The idea of criminal activity around bootleg sequels and reboots is perfectly fitting for how it’s made Disney so protective of its movies and characters. For Rescue Rangers fans, there are plenty of nods and homages to the original cartoon and its history. Plus, Chip and Dale’s personal story of drifting apart and coming back together feels right at home for their journey in Disney and is something fans will easily love. The only issue, a big one, comes from the film’s antagonist Sweet Pete, who is an older Peter Pan who fell into a life of crime after being dumped by Disney when he got older. His backstory and motivations are actually really interesting, but sadly connect to a real-life tragedy with Peter Pan’s original voice actor Bobby Driscoll, who was also supposedly dumped by Disney when he got acne and fell into a life of drugs and homelessness. It’s a connection that feels exploited in this film because of how it’s utilized and rather than it feel like Disney owning up to its past, it feels like it’s using it for writing material, and it doesn’t sit well with me.
Aside from some problematic character writing, the overall story of Chip n’ Dale is simply solid. The central arc for Chip and Dale’s dynamic is heartwarming and comical, especially with Mulaney and Samberg’s great chemistry. While some of the side characters have some thin writing, like human detective Ellie (Kiki Layne), most of them remain memorable through their funny performances as well as some amazing character designs that deepen this film’s celebration of animation.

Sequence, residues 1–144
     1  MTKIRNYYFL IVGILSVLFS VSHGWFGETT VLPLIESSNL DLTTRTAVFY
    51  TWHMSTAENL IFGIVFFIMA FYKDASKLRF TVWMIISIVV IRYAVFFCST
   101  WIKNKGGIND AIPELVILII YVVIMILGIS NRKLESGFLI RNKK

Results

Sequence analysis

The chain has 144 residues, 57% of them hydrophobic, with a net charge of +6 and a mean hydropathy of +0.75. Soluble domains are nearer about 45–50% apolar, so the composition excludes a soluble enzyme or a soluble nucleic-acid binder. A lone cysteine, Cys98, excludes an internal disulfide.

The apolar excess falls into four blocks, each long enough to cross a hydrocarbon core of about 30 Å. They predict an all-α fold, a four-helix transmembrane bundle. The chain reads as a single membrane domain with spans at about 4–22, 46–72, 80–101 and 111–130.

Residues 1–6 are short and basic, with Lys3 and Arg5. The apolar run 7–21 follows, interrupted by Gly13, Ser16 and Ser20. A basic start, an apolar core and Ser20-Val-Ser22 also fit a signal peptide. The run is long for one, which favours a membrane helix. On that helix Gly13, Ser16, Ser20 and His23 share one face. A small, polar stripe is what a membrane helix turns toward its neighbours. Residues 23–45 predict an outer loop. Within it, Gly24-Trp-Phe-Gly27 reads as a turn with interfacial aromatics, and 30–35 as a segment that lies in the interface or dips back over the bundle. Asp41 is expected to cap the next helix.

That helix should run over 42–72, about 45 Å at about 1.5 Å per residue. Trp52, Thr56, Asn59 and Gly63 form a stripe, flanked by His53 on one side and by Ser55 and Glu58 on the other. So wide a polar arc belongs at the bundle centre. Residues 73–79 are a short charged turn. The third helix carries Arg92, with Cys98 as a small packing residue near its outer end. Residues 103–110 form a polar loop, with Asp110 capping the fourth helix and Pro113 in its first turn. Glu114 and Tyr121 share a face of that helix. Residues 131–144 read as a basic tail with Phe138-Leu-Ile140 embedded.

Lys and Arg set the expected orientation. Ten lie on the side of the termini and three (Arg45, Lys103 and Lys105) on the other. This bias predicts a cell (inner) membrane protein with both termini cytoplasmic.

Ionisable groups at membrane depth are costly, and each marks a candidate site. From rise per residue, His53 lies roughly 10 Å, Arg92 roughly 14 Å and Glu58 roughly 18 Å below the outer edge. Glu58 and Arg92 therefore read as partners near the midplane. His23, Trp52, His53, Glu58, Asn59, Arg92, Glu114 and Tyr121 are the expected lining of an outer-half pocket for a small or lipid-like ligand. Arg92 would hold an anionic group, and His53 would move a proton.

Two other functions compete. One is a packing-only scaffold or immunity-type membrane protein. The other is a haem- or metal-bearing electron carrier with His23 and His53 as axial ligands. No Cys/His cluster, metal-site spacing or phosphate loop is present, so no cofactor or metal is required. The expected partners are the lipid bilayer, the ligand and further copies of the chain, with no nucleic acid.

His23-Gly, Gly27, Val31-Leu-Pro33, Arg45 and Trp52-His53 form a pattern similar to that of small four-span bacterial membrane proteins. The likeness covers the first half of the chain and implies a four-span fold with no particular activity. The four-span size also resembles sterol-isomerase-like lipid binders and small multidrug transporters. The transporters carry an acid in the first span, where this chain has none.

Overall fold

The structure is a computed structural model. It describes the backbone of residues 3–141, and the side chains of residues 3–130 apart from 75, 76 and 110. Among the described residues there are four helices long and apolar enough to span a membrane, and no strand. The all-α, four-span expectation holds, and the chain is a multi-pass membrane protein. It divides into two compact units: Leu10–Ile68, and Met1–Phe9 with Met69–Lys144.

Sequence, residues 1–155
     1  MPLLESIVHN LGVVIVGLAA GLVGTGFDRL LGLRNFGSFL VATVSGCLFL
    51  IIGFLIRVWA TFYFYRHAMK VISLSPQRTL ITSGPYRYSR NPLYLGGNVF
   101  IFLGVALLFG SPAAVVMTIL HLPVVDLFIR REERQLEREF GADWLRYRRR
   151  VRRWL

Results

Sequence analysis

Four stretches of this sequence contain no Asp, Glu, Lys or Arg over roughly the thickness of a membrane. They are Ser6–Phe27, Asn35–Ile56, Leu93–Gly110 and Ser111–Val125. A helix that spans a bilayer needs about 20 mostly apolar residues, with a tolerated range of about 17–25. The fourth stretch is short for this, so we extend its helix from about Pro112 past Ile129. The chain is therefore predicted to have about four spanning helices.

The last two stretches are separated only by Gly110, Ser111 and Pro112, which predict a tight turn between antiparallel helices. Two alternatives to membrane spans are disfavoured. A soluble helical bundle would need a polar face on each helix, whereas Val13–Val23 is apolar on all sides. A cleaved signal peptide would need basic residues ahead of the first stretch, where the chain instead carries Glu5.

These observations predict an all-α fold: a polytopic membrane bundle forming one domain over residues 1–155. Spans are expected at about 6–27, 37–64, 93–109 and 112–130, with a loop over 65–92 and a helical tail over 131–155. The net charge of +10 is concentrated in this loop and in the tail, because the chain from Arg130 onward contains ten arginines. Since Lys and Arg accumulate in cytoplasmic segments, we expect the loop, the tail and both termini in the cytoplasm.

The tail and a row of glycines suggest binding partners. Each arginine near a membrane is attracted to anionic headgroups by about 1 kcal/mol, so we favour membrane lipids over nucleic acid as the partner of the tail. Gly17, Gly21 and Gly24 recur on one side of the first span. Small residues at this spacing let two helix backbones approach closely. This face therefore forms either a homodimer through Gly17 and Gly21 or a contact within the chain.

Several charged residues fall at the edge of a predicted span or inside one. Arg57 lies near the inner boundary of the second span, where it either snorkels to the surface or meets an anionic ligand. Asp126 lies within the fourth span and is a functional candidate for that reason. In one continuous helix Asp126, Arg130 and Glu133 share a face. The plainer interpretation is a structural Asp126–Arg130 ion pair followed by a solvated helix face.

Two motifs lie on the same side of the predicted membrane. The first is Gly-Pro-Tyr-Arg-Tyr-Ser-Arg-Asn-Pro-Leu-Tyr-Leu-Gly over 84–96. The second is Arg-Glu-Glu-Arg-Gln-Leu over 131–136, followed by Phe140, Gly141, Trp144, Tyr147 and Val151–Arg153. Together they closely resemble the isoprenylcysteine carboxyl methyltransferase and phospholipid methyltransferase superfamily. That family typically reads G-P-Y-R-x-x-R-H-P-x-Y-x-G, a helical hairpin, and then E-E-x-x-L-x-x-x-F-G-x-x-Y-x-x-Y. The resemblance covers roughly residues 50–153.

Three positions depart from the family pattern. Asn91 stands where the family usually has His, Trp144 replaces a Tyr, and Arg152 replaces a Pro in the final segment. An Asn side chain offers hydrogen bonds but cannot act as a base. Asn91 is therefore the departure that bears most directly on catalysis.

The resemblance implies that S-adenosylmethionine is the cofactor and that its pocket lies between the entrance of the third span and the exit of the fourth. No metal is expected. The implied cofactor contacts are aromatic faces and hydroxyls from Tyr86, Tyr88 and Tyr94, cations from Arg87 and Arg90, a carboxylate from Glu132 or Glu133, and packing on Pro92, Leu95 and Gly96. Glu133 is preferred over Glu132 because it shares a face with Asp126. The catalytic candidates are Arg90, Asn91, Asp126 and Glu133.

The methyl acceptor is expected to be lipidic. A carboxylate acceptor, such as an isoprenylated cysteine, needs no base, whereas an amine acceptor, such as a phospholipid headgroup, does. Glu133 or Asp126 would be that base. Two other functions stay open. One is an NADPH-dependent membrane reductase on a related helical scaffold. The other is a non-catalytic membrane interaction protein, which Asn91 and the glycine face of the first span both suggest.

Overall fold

Like the cameos and nods, no expense is spared in utilizing different animation styles for some great representation in the animation industry making for some delightful pokes at other films and some visual hilarity. It’s always great when the film plays around with the size differences of things for some hilarious visual gags and it’s impressive to see these different animation styles in action, especially the Gumby-inspired design of Chief Putty (voiced by J.K. Simmons). Most importantly though, the way that the original Rescue Rangers series and characters play a relevant role in the story will easily please fans and makes this reboot earn its place and possibly provide enough for more.
Chip n’ Dale: Rescue Rangers might have a few issues that are tough to look past, but it is ultimately the best remake/reboot by far from Disney thanks to the incredible vision for the film’s world and story that’s filled with amazing nods to animation and incredible heart largely in part to its easily loveable dynamic chipmunk duo. It is the Who Framed Roger Rabbit? spiritual successor we didn’t know we needed but are thrilled to have.